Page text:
This is an archived version. For the current version, please go to training.cochrane.org/handbook/current.

As the discussion in Section 17.8.1 pointed out, when pooling across PROs the mean difference is no longer a possible measure of effect and we therefore replace it with the standardized mean difference (SMD) (see Chapter 9, Section 9.2.3). Unfortunately, there are no fully satisfactory ways of providing a sense of the magnitude of effect in a PRO when one has had to resort to SMD to generate a summary. One can offer readers standard rules of thumb in interpretation of effect sizes (for instance 0.2 represents a small effect, 0.5 a moderate effect, and 0.8 a large effect (Cohen 1988) or some variation (<0.41 = small, 0.40 to 0.70 = moderate, >0.70 = large). Another, perhaps even less satisfactory, approach suggests that a standardized mean difference of 0.5 approximates, in many cases, to a minimal important difference (Norman 2003).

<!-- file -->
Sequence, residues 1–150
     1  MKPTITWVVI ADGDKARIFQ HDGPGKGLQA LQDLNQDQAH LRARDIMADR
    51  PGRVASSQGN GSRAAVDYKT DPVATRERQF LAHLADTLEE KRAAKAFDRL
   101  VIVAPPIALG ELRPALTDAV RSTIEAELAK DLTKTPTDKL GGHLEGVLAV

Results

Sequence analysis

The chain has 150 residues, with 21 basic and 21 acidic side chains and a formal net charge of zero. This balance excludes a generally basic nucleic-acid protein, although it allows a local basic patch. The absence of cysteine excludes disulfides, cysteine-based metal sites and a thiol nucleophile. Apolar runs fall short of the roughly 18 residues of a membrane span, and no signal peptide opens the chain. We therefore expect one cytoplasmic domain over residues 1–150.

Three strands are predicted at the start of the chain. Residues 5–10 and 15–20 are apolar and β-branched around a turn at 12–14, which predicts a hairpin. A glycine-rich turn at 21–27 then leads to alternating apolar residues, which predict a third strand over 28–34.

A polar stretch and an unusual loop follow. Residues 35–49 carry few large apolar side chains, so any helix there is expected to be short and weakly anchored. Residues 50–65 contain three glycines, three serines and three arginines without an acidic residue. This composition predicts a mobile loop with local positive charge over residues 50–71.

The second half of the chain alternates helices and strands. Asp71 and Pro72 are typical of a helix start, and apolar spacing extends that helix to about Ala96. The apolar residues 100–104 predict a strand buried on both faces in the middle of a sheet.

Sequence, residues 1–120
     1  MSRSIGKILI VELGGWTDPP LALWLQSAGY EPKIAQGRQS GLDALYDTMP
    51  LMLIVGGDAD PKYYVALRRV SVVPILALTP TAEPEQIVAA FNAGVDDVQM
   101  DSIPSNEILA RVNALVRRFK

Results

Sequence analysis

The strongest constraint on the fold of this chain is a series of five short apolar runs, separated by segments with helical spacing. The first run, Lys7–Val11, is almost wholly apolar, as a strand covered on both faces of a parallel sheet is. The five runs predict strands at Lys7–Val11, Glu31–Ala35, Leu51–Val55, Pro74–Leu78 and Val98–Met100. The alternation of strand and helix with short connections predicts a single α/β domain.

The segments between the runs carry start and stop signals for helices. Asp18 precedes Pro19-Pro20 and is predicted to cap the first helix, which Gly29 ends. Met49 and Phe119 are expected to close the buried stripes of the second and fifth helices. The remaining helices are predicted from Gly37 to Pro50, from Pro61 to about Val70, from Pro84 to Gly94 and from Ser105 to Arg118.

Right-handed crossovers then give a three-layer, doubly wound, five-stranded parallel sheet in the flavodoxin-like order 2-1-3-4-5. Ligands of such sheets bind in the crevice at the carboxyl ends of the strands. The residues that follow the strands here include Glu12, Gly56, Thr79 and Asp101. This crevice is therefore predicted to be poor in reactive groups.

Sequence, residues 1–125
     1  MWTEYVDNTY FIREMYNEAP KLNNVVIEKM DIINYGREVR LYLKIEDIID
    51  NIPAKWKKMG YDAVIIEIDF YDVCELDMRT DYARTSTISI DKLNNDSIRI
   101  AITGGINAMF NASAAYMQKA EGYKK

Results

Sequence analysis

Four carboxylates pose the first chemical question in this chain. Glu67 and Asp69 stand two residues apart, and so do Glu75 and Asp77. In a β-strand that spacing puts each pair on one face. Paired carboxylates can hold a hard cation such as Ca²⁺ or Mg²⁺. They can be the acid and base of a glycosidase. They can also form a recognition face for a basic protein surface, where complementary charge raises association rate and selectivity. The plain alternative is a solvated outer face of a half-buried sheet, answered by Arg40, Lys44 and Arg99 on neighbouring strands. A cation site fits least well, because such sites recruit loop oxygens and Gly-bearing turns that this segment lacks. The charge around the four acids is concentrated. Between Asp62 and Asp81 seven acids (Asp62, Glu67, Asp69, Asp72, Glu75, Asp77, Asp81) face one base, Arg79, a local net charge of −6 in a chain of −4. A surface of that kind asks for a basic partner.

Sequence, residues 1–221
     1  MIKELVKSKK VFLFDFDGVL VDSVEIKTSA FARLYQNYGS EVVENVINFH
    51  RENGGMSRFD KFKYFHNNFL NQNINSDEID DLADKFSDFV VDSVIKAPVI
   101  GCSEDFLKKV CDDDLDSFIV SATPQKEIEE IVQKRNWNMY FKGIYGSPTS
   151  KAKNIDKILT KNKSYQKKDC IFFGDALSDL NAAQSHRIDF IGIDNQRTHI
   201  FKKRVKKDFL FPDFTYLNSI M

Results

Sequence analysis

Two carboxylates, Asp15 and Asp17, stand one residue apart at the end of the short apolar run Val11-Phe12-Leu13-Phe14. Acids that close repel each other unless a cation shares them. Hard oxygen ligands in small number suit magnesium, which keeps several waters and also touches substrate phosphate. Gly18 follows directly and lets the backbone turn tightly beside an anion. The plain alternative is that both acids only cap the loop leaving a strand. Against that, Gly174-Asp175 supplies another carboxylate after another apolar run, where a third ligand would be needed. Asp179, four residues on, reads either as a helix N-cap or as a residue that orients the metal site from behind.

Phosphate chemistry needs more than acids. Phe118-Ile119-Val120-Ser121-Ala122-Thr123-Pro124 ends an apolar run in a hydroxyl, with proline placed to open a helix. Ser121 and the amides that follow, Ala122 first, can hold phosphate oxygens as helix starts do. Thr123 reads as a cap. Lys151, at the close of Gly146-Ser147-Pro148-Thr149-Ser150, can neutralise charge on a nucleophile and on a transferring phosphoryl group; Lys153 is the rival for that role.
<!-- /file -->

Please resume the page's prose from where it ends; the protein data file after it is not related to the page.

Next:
General methods of reporting and interpreting PROs, and other clinical outcomes, with respect to drawing inferences and conclusions are discussed in Chapter 12 (Section 12.6).